Getting buy-in from landowners took a personal touch 

Farmers Creek is in a better place, but it took nearly two decades and a personal touch to make it happen. Kurth said the biggest thing this watershed had going for it was Michelle Turner from the Jackson County Soil and Water Conservation District.

Michelle Turner stands outside the Jackson County Soil and Water Conservation District in Maquoketa where she worked to get Farmers Creek off the Iowa DNR's list of Impaired Waters. Photo taken May 25, 2022.
Clay Masters
Michelle Turner stands outside the Jackson County Soil and Water Conservation District in Maquoketa where she worked to get Farmers Creek off the Iowa DNR's list of Impaired Waters.

Beginning in 2005, Turner helped local farmers learn about various federal and state public funds that incentivize cleaning up the water by implementing practices like Kremer's.

After all, these practices are all voluntary in the state so an impaired designation does not demand any changes.

Turner says it’s nice when you get to know all the landowners personally.

“You don't have that advantage in a very large watershed that does whole rivers [that span] five or six counties,” Turner said. “But when you're doing a small 30,000 acre with 125 landowners you get to know them and become friends with them I think you get more done.”

Turner says a lot of the buy-in came from creating local buzz through local radio and newsletters and helping educate landowners.

“Nobody wants to be the only guy on the block who doesn't do something,” Turner said. “I think when you start seeing everybody in the neighborhood on board, more people wanted to get involved.”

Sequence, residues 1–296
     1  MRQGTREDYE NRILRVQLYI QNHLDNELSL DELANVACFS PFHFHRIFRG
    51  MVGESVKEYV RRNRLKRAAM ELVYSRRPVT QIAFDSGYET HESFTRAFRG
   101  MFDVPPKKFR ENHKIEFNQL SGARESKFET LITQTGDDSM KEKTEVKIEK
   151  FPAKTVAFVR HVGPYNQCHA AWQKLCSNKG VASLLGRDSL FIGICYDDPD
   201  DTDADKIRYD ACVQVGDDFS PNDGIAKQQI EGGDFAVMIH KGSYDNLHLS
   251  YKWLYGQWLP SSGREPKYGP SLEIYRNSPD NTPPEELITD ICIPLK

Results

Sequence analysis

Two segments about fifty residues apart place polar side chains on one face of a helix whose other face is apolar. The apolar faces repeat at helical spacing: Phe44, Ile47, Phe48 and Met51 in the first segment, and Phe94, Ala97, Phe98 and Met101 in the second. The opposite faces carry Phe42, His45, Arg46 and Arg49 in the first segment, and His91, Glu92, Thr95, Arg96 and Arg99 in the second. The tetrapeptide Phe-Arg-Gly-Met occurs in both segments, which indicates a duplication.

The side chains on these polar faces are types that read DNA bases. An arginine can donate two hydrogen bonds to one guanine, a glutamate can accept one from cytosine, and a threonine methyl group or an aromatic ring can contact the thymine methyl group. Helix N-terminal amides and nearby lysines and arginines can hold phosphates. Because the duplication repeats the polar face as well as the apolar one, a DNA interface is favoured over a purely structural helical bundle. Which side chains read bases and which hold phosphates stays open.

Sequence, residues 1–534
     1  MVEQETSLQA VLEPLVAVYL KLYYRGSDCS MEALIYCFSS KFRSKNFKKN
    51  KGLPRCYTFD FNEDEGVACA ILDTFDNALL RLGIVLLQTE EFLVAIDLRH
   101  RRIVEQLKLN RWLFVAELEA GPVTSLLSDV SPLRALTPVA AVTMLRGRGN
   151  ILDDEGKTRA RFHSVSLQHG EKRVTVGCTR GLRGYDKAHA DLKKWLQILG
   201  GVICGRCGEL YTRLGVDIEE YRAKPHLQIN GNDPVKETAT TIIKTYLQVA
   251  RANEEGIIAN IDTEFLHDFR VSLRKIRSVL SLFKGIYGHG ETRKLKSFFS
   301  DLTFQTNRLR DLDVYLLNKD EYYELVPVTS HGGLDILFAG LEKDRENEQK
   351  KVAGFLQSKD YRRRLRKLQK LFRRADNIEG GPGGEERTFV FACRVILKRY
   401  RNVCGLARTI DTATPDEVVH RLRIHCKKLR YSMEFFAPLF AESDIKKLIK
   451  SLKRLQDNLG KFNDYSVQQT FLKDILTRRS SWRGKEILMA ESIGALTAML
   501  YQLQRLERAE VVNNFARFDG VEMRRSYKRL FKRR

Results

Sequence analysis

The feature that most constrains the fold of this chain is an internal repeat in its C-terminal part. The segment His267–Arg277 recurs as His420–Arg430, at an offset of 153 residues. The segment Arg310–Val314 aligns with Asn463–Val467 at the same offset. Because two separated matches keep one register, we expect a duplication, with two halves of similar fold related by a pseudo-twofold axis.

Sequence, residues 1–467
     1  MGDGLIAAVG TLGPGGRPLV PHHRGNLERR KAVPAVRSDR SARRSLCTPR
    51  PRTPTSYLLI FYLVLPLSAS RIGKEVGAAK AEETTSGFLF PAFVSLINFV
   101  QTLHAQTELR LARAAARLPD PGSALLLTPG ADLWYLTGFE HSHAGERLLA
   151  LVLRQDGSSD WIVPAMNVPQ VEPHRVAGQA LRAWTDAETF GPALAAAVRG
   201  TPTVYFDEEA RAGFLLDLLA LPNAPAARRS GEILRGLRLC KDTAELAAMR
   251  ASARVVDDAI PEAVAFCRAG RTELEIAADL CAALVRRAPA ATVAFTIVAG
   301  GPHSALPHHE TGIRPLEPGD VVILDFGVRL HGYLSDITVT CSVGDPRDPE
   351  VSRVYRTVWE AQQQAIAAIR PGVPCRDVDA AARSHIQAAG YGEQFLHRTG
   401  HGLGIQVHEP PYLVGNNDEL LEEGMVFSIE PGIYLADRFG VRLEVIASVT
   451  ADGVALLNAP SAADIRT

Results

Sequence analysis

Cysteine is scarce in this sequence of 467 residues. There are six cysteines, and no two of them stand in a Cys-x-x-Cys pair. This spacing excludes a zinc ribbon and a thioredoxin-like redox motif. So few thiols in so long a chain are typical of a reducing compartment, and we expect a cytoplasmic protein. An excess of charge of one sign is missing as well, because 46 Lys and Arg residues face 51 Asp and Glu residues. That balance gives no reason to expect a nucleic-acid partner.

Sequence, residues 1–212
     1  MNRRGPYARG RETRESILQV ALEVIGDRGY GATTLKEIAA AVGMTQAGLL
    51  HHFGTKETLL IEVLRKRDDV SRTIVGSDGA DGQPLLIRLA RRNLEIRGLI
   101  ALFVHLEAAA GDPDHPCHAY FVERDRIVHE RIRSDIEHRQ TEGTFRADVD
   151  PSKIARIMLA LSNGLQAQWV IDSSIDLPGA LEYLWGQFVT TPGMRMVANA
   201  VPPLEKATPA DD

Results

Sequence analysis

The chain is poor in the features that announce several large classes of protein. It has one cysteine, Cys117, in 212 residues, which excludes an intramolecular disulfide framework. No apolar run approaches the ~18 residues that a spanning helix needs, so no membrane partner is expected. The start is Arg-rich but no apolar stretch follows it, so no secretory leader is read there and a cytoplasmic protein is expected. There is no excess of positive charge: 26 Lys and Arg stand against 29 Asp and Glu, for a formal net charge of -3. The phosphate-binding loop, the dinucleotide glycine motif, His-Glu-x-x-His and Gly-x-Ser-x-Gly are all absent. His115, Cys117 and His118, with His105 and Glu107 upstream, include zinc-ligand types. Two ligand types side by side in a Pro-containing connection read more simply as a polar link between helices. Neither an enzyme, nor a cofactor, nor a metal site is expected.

Addressing a bigger water quality problem in Iowa

Farmers Creek is a local success story that other communities can learn from, according to University of Iowa Civil and Environmental Engineer David Cwiertny. He said many other waterways show the same symptoms but the cure is not simple to repeat.

“We can't expect that every community is going to be able to rally and find the resources and the willpower in the collective good to improve their water bodies,” Cwiertny said. “We need to be asking ourselves why we have so many that are impaired in the first place, and not just try to make these marginal improvements on the edge of our agricultural system.”

Cwiertny said there are solutions. He points to the University of Iowa, which runs a statewide monitoring network that’s provided real time water quality data, but a more robust system takes more investment and commitment.

“We need that to happen statewide and at far faster pace, if we're going to try to make the meaningful change in water quality that I think the majority of Iowans are really hoping for these days,” Cwiertny said.

Meanwhile, back in Jackson County, farmers who share their namesake with this creek have done a rare tangible act of conservation. One waterway off a list of nearly 800 impairments in the state.

The Midwest Newsroom's Daniel Wheaton analyzed data for this report.

Clay Masters is the senior politics reporter for MPR News.